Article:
Homemade Leica Monochrom, or: How I Learned to Stop Worrying and Love Broken Sensors
Being a photographer, I often get questions from friends or acquaintances about various photography-related subjects. I also often get given old cameras and miscellaneous bits of equipment because — “George is into photography, he’ll do something with this.”
It sat around in a drawer for a few weeks before I decided to charge the battery and play around with it one day. I was astounded by the strange images that it produced. The image below was one of the first I took a surreal self-portrait.
The broken sensor behaved in an idiosyncratic way and captured these weird, melting images. Sometimes the sensor unbroke itself and produced crystal clear photographs.
Other times you were entirely unsure of what you had even pointed the camera at as you pressed the shutter.
Now you may think this is silly and pointless. Why is this guy messing about with a broken camera? And much less why is he writing an article about it and why am I reading it?
I’d forgive you for thinking that, but in my small world it is important for two reasons and maybe those reasons will make sense to you.
Reason #1. Gear
Gear. We all obsess over gear. I do, you do, your girlfriend does, your mother, your dog, your mistress, your local religious leaders. Gear, gear, gear, gear, gear, gear, gear, and more gear.
The next big thing! Loadsa megapixels! Faster autofocus! Makes you a better photographer. Makes you more money. Makes your business successful. Makes you a better lover.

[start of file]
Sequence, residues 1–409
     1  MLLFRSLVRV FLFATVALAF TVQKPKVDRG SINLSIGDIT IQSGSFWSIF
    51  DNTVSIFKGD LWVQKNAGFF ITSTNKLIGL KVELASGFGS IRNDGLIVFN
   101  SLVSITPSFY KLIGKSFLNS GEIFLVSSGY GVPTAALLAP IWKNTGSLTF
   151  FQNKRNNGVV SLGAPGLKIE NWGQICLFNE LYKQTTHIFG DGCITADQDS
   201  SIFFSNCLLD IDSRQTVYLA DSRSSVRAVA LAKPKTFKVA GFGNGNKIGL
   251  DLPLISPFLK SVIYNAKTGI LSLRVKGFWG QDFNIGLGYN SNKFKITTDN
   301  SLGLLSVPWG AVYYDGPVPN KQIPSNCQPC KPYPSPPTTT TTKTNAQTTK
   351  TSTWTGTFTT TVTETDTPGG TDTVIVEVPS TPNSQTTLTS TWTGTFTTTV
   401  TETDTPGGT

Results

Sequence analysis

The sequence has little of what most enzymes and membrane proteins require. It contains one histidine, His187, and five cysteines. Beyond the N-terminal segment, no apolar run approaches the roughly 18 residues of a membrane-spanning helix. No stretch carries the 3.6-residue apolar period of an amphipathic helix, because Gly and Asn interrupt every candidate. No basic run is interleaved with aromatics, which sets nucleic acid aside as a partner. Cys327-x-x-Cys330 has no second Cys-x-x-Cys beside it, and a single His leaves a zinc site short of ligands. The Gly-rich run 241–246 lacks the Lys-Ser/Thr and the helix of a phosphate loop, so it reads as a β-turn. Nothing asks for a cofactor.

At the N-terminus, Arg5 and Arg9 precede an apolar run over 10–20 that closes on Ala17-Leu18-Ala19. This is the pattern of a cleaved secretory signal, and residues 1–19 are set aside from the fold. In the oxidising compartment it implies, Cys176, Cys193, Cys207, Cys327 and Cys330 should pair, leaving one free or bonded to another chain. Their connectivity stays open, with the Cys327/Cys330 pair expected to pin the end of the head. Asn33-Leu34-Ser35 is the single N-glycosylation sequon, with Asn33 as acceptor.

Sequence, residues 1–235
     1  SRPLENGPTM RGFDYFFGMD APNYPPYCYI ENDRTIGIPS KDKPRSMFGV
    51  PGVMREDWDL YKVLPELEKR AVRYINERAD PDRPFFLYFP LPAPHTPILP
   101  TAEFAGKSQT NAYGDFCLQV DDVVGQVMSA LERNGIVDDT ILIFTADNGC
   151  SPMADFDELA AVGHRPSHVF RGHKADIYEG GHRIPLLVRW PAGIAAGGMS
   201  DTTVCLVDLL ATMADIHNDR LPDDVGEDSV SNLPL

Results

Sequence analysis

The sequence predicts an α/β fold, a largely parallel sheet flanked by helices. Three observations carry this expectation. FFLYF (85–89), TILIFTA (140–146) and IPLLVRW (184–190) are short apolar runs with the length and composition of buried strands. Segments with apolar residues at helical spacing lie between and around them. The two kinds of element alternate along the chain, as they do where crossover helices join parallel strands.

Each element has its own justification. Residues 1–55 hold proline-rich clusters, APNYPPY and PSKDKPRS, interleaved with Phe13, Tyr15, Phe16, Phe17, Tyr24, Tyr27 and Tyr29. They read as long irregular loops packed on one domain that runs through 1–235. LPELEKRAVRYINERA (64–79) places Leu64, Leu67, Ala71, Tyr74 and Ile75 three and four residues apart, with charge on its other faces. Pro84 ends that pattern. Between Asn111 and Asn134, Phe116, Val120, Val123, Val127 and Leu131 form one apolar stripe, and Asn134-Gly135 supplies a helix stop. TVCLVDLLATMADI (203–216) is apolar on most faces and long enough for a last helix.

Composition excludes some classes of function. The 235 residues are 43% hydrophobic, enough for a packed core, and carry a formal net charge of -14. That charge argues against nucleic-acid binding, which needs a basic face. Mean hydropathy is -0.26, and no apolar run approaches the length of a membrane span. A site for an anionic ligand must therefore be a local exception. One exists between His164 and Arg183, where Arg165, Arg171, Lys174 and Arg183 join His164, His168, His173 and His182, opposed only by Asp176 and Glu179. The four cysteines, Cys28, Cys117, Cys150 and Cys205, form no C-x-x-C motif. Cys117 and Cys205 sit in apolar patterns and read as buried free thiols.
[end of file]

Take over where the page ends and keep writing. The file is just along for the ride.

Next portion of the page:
George Carlin and Tom Waits both put it better than I ever could. The need to consume, the need for the next camera (read product) that will make you better than the one before. Don’t get me wrong, there is obviously such a thing as the right tool for the job. For example, a professional mirrorless camera for a wedding, not a turn-of-the-century compact camera. But I posit that my Homemade Monochrom has been much more useful to me than an actual Monochrom ever would… which leads me to my second point.
Reason #2. Creativity
I remember reading an interview with a successful musician (I don’t remember who) many years ago where they explained that they learn how to play a new instrument by writing a song with it. I try to do this but with cameras, allowing the innate limitations or strengths of the camera to guide the work (my article Little Boxes is relevant here too).
The way my homemade Monochrom depicted things (darkly, otherworldly, strangely) made me want to photograph content that was dark. Like dead birds, funeral directors, towering churches, and weathered architectural details of old buildings.
As another unrelated example to prove my point, take a disposable camera. It has a fixed focus, fixed aperture, fixed focal length, and a fixed shutter speed. The only controls you have are the flash — on or off — and the shutter button. These limitations mean you can only photograph certain subjects successfully. So, you could photograph landscapes on a sunny day, they would come out okay. Friends on a night out if you use the flash and keep them at a safe (focused) distance. You could also lean into the limitation, shooting close-ups of signage in your local town and come back with bright defocused graphic images. The limitations of the equipment often dictate the way you work.
In summary, think about what you want to say using photography and then try and choose a camera that allows you to articulate this as clearly as possible. Or if that doesn’t work, try loving broken sensors.
About the author: Liam George Collins is a photographer and teacher living in Kendal, the gateway town to England’s beautiful Lake District. He is a Lecturer in Photography for Kendal College. You can find more of his work on his website and Instagram.